Making memories out of Apples

When I realized that my little girl and I would be spending the day all by ourselves Saturday I posed the question of what would she like to do....and threw out visiting every ice cream shoppe in northern Indiana as an option. Her brother was at the Purdue game, and mom was on a road trip with a girlfriend. Dad and his little girl would go.........???? To an apple orchard? That was the request. It seems the apple bug bit her hard last week during a classroom demonstration of applesauce making. And so, I figure, ok-besides it's a great way to get her into the country and in touch with her Johnny Appleseed roots.

So, shortly after lunch we headed south to Miami County which boasts two great apple orchards. The first most people driving U.S. 31 probably use as a landmark-McClure's Tate Apple Orchard. This was her requested stop. The other I found online: Doud's Orchard on Highway 19, about 9 miles north of Peru. By the way, I love driving in the country this time of year.

We bought a handful of "honeycrisp" apples at Tates. I was informed by my daughter that this was the only worthy variety to get. We then got applesauce and an apple dumpling at the restaurant. Wow..did I forget how good their dumplings are.

From Tates we went drove over to Highway 19 through Denver, and detoured slightly to drive through the little town of Chili. Now, you know I like canoing and the Miller Canoe rental caught my eye. The town has perfect access to the Eel River and may demand a return trip next year for a little time on the water. I also noted that the canoe rental building must have been an old mill because it was on "Chili Mill Road". I love that name. I also love chili. So I'm thinking of opening a restaurant that specializes in chili and operate a canoe rental place out of the back. I would call it Chili Mill.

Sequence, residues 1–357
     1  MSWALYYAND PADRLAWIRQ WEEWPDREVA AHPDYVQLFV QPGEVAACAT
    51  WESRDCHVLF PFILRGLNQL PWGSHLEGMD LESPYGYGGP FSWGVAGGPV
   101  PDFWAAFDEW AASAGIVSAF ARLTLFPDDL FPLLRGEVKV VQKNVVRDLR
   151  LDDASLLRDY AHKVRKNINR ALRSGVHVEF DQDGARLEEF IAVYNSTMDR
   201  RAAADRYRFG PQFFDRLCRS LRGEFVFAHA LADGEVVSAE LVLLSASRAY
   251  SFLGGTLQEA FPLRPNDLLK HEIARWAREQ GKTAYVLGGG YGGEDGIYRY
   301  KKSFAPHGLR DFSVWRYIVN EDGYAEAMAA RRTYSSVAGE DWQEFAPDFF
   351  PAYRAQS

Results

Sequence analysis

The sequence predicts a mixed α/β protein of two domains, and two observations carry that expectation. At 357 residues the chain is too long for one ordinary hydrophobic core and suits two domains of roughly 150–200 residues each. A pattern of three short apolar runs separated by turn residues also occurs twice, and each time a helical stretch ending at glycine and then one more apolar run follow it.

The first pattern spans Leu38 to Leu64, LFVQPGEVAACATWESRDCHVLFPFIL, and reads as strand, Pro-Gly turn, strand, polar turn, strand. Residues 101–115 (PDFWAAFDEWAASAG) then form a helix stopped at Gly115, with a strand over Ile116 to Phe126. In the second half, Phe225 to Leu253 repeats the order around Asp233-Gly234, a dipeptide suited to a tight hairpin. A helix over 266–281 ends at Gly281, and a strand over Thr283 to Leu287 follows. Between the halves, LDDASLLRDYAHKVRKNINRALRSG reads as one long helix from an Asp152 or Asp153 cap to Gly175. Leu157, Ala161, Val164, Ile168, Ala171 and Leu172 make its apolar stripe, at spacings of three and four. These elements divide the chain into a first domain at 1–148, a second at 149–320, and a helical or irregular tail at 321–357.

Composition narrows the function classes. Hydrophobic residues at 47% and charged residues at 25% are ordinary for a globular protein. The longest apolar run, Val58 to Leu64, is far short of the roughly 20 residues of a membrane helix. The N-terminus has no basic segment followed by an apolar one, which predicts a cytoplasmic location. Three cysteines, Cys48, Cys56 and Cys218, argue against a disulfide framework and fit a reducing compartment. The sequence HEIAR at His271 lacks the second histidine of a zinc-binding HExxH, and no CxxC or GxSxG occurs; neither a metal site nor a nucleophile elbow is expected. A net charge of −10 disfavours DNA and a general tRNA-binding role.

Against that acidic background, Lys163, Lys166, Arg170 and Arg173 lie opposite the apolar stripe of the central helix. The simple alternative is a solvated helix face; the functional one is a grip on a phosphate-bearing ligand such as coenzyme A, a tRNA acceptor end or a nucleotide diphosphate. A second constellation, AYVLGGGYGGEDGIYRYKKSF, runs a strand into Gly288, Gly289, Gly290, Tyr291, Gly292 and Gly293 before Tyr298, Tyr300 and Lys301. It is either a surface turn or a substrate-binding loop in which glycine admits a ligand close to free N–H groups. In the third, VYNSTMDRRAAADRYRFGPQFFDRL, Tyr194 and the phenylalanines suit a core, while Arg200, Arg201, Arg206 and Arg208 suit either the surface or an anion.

We headed north and came to Doud's. It's a great operation that isn't so commercialized. While you wouldn't know it from the outside, it is housed in a one room brick school with an old barn built around it in which the store is located. We bought apple butter and a candy stick. Take a look at at the construction of the orchard buildings at Douds. These look like large clay tile used for field tile drainage systems. I have to say...this was pretty cool. I highly recommend a visit.

While we weren't allowed any actual apple picking, we had a great time. And it took me back to my days with Grandad who in his spare time built wood crates for Lemert's Apple Orchard in Teegarden, Indiana. I remember heading over there after school some days to pick apples to our hearts content and gramps telling me to climb up in the tree and shake 'em loose. And I remember the old cider press that had a tin cup tied to it and we would all take a sip on the way out. Lemerts has been gone for some time now.

Yellow delicious were my favorite. In college I'd swing by our town's farm market and get a handful of yellows to take back with me to Andrews U. And usually eat one on the road north, remembering gramps. It was great making new memories in an Indiana apple orchard with my little girl. More on this trip to follow including seeing the world through a 7 year old's eyes.


Anonymous said…
nice story! however let me get this straight you bought apples to take back with you to Berrien Springs in the heart of Southwest Michigans fruit country? Did you take water from home too???
hoosier reborn said…
I never thought of it that way. Chances are the apples were from Michigan to start I was returning them.
vanilla said…
Last week at Salamonie the trees were robbed of their fruit, the campers and visitors removed the "bad spots" from the apples, and then pressed 13 gallons of the liquid goodness. We brought one gallon home with us. Won't last much longer! Old twist-the-screw press. Hard work, real reward.

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